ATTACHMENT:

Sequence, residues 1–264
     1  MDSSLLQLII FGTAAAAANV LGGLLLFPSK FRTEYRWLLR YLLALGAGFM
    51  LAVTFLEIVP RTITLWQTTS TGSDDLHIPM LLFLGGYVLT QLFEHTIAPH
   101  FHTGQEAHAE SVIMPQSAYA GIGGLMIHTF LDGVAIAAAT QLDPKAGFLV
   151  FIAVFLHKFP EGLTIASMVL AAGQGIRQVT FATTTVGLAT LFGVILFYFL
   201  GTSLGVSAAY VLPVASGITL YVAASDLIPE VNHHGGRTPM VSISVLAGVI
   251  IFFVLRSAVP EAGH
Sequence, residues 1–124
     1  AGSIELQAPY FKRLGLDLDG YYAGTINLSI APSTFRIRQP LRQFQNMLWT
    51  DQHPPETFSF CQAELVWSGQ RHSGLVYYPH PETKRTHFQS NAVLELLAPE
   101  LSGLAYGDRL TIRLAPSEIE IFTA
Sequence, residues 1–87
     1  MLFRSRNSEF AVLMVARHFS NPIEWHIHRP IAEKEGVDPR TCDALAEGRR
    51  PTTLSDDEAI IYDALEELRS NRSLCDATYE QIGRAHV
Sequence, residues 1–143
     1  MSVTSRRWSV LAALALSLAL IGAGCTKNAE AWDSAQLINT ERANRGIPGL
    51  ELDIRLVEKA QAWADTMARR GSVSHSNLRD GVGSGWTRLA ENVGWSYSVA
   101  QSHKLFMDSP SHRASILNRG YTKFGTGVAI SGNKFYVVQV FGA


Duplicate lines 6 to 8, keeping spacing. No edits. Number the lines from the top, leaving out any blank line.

   201  GTSLGVSAAY VLPVASGITL YVAASDLIPE VNHHGGRTPM VSISVLAGVI
   251  IFFVLRSAVP EAGH
Sequence, residues 1–124